- The influence of experience and environmental change on behaviour, particularly in relation to the effects of increasing water turbidity on the behaviour of fishes.

Postgraduate supervision

I welcome applications for PhD or MSc by Thesis study in all areas of my research, particularly those relating to bioscience pedagogy, the evolution of social and anti-predator behaviour, the impact of environmental change on the behaviour of fishes, and the way animals perceive their environments. I am able to supervise both theoretical and empirical projects (or projects that combine the two) and am willing to support applications from students wishing to access their own funding.

Current PhD students:

S. McLean: Laterality and parental care in fish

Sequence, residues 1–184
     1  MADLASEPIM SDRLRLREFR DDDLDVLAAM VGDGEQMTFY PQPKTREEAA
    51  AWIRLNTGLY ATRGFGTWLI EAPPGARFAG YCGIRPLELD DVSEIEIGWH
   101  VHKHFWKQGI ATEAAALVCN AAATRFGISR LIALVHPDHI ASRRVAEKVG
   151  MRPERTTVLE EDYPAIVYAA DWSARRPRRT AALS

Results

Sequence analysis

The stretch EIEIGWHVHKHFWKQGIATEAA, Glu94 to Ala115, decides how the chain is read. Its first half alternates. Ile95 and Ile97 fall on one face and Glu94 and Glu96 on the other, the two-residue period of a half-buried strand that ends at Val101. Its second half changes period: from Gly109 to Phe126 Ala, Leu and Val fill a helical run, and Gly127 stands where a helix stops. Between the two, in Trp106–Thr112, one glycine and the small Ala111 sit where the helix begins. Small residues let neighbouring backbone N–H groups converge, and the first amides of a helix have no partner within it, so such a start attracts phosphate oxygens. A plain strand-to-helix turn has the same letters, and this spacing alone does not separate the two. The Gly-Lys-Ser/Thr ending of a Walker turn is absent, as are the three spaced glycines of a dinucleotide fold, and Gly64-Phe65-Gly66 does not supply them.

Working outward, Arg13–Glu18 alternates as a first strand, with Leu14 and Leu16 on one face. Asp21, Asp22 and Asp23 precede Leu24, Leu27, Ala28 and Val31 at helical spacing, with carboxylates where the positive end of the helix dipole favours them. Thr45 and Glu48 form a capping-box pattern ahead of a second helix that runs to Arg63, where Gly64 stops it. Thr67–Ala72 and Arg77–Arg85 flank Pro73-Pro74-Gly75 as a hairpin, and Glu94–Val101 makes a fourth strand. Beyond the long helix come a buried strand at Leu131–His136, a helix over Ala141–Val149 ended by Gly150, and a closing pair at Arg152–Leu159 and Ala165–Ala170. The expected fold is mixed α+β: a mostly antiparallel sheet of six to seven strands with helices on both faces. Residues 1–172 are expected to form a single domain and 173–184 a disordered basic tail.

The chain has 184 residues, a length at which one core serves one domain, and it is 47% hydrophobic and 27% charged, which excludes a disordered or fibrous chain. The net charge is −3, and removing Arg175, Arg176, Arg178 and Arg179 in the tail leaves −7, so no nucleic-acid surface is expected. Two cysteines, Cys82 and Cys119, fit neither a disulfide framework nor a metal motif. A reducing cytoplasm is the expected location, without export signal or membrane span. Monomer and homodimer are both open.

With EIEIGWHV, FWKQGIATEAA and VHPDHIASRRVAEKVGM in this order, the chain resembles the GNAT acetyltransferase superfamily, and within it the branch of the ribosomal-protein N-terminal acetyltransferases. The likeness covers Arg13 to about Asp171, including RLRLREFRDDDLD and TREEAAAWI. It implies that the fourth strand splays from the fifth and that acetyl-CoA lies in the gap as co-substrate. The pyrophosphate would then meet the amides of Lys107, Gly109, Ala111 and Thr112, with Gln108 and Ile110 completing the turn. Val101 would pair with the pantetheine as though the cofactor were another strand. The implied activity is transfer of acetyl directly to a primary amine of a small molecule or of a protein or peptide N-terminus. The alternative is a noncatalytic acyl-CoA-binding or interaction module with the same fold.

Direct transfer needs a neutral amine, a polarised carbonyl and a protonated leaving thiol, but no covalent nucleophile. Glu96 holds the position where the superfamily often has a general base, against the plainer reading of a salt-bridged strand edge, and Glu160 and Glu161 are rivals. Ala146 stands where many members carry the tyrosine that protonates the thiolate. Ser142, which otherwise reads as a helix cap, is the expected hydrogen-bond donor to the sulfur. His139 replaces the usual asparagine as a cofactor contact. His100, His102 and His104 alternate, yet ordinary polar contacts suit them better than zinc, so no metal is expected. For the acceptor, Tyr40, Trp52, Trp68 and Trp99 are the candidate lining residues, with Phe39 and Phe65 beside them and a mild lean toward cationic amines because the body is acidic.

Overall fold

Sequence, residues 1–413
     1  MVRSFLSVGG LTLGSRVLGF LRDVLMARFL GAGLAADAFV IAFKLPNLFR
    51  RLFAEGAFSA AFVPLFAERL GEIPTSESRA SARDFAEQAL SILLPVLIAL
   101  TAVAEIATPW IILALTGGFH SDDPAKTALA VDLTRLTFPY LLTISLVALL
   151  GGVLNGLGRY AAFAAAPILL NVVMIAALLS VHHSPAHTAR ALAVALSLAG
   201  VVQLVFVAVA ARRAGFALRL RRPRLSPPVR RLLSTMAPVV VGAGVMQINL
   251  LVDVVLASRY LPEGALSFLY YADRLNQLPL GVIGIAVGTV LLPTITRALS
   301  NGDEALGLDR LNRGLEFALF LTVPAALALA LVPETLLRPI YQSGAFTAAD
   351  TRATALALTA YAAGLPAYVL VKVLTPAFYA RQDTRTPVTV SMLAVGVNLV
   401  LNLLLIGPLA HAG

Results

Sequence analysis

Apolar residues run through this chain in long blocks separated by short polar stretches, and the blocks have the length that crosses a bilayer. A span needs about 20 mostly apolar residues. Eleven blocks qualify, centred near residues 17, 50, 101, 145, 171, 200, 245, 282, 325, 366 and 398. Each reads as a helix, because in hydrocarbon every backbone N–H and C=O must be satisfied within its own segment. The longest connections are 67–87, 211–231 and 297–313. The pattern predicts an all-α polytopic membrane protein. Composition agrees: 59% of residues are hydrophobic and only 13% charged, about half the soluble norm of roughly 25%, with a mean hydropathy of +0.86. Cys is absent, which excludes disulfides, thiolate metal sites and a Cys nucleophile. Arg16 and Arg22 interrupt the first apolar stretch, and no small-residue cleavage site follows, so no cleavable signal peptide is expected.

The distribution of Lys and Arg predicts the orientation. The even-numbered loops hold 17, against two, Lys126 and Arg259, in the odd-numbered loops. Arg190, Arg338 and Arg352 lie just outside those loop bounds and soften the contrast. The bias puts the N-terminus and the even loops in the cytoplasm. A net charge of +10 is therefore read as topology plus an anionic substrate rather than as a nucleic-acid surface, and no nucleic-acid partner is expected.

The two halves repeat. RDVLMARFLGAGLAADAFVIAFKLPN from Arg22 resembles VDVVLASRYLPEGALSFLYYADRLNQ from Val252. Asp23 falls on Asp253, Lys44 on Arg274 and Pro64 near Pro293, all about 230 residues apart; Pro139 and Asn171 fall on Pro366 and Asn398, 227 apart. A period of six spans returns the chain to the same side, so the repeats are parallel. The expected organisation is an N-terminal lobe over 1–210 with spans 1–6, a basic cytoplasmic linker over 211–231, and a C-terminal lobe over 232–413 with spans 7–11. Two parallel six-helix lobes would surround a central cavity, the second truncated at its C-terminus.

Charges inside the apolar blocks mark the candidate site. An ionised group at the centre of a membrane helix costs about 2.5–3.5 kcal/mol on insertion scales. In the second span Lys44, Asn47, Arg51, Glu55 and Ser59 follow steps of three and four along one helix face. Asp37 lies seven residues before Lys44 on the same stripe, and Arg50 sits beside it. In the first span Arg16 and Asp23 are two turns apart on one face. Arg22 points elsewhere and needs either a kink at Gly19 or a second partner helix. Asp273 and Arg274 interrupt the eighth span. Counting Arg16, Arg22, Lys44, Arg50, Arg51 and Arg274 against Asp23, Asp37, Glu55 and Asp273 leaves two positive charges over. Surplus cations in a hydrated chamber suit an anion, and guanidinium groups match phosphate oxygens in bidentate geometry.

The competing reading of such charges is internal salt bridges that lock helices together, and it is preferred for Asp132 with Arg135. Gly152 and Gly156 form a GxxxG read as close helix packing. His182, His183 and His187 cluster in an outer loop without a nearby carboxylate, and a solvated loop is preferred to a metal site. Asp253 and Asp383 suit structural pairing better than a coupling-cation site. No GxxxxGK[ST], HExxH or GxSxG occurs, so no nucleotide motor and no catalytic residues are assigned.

Current MSc by Research Students:

B. Ellerby: Repeatability of laterality in guppies

E. Howard: Behavioural mimicry in hoverflies

Completed PhDs:

E. Peasland: Maximising the benefits of environmental fieldwork for a diverse student body (University of Hull, 2021)

K. Dobbinson: The oddity effect: Applying principles from psychology to and ecological question (University of Hull, 2020)

H. Kimbell: Behavioural flexibility and environmental change (University of Hull, 2015)

Á. Johannesen: Aquatic predator-prey interactions (University of Leeds, 2013)

G. Rodgers: The role of colour and oddity in fish behaviour (University of Leeds, 2011)

B. Chapman: Early experience and plasticity in guppies (University of Leeds, 2009)

Completed MSc by Thesis:

L. Rothery: Bird behaviour at birdfeeders (University of Hull, 2015)

K. Dobbinson: Confusion effects in turbid environments (University of Hull, 2015)

Membership/Fellowship of professional body

National Teaching Fellow

2020

Senior Fellow of the Higher Education Academy (AdvanceHE)

2016

Fellow of the Higher Education Academy

2014

Other

Chartered Science Teacher

2016 - 2017

Finalist: Royal Society of Biology Higher Education Bioscience Teacher of the Year

2016